The research team used the backend analytics, embedded in the HIV/Avatar website, to access the data. Raw counts were used to stratify the users’ age, gender, and ethnicity (or race) linked with the avatar chosen by the user to receive information on HIV/AIDS. Next, for each avatar, a corresponding count was associated with the response to the demographic questionnaire variable (ie, age, gender, and ethnicity) that was voluntarily completed by the user before accessing the website’s content. The raw counts were analyzed and converted to percentages of those chosen. Over 1000 users responded to the demographic questionnaire. Although this was an initial look at the pattern of choice of avatar in relation to the users’ responses to the demographic variables, the data remained focused on these 3 variables singularly. Further data collection and analysis, however, could lead to a larger group of respondents, which would further enhance the data to cross-reference the variables (ie, which avatar a female / 18-29 / Latino selected).


    Results

    The study included 1119 health information seekers who completed the demographic questionnaire. The questionnaire was used to collect information on participants’ age, gender, and ethnicity. The characteristics of the users are presented in Table 2. Of the 1119 users, 325 users (29.04%) were aged between 18 and 29 years, 559 users (49.96%) were aged between 30 and 49 years, 209 (18.68%) were aged between 50 and 64 years, and 26 users (2.32%) were in the age group of 65 years and older. In addition, 502 (44.86%) users were men, and 617 (55.14%) were women. Among the users who completed the demographic questionnaire, 224 (20.02%) were black or African American, 522 (46.65%) were white, 287 (25.65%) were Latino, and 86 (7.68%) were Asian.

    The characteristics of the users in relation to the chosen avatar are shown in Table 3.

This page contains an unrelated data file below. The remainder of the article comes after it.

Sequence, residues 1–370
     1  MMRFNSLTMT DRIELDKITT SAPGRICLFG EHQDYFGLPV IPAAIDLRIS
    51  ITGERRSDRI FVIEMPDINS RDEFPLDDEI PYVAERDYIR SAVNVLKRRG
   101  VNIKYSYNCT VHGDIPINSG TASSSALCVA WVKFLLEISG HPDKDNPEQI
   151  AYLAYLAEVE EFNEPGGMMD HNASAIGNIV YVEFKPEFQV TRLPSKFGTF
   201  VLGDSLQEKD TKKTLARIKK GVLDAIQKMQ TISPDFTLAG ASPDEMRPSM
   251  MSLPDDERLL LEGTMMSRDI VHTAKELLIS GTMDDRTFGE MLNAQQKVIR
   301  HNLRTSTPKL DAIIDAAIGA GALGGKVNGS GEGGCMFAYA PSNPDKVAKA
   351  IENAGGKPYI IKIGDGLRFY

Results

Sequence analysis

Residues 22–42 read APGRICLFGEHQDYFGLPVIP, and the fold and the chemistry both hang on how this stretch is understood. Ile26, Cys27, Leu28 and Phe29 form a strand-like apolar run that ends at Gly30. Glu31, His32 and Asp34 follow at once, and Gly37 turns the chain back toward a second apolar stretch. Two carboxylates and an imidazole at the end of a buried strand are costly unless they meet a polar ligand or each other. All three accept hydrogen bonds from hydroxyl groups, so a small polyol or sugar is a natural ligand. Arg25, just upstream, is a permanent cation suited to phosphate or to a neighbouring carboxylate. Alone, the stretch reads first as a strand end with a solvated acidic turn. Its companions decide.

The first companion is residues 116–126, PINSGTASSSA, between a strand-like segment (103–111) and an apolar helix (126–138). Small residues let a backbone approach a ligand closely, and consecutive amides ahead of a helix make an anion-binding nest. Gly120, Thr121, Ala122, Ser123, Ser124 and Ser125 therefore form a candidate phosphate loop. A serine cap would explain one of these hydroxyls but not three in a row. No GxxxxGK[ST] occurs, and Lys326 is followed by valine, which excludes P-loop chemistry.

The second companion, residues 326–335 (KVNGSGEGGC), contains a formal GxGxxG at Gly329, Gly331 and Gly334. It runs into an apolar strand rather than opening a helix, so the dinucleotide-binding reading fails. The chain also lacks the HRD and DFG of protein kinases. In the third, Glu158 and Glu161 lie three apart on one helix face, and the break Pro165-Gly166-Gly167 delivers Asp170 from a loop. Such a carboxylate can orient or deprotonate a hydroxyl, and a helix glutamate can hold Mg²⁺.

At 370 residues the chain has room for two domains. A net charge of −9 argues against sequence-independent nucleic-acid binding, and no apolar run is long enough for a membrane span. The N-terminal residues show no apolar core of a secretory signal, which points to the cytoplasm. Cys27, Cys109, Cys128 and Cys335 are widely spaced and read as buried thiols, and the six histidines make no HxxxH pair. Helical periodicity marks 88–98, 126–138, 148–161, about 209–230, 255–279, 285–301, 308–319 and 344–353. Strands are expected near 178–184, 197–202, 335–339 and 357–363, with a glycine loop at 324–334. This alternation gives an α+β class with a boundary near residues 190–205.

Among the 325 users in the age group of 18 to 29 years, 74 (22.8%) chose the white female avatar, followed by 57 (17.5%) who chose the black male avatar. Additionally, 112 (20.0%) users in the age group of 30 to 49 years chose the white female avatar, whereas 111 (19.9%) chose the black female avatar. Approximately 52 (24.9%) users in the age group of 50 to 64 years chose the white female avatar, and 34 (16.3%) chose the white male avatar. Among those aged 65 years and older, 11 (42%) chose the white female avatar, followed by 4 (15%) who chose the white male avatar.

    An estimated 108 (21.5%) male users chose the white female avatar, followed by 97 users (19.3%) who chose the black male avatar. On the contrary, 141 (22.9%) female users chose the white female avatar, and 111 (18.0%) chose the black female avatar.

    Table 2. Characteristics of Web-based health information seekers (N=1119).
    View this table
    Table 3. Demographics of the user and the selected avatar.
    View this table

    Among black users who completed the demographic questionnaire, 82 (36.6%) chose the black female avatar, and 65 (29.0%) chose the black male avatar. Twenty-five (29.1%) Asian users chose the Asian female avatar, followed by 12 (14.0%) who chose the Asian male avatar. Moreover, 176 (33.7%) white users chose the white female avatar, whereas 98 (18.8%) chose the white male avatar. Additionally, in Latino users, 62 (21.6%) chose the Latino female avatar, followed by 50 (17.4%) who chose the Latino male avatar.


    Discussion

    Principal Findings